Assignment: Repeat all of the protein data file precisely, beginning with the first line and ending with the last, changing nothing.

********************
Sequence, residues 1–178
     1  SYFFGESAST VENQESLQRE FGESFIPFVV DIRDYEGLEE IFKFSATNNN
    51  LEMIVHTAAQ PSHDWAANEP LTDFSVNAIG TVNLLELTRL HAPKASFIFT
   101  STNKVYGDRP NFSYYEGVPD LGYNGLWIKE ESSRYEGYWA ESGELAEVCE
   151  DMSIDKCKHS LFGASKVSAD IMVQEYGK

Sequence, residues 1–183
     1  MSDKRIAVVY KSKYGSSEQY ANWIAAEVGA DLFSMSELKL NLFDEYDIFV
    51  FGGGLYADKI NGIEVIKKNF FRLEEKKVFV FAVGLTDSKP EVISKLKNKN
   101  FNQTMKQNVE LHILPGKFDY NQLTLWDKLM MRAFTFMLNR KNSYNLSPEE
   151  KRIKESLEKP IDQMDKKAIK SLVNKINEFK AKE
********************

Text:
Sequence, residues 1–178
     1  SYFFGESAST VENQESLQRE FGESFIPFVV DIRDYEGLEE IFKFSATNNN
    51  LEMIVHTAAQ PSHDWAANEP LTDFSVNAIG TVNLLELTRL HAPKASFIFT
   101  STNKVYGDRP NFSYYEGVPD LGYNGLWIKE ESSRYEGYWA ESGELAEVCE
   151  DMSIDKCKHS LFGASKVSAD IMVQEYGK

Sequence, residues 1–183
     1  MSDKRIAVVY KSKYGSSEQY ANWIAAEVGA DLFSMSELKL NLFDEYDIFV
    51  FGGGLYADKI NGIEVIKKNF FRLEEKKVFV FAVGLTDSKP EVISKLKNKN
   101  FNQTMKQNVE LHILPGKFDY NQLTLWDKLM MRAFTFMLNR KNSYNLSPEE
   151  KRIKESLEKP IDQMDKKAIK SLVNKINEFK AKE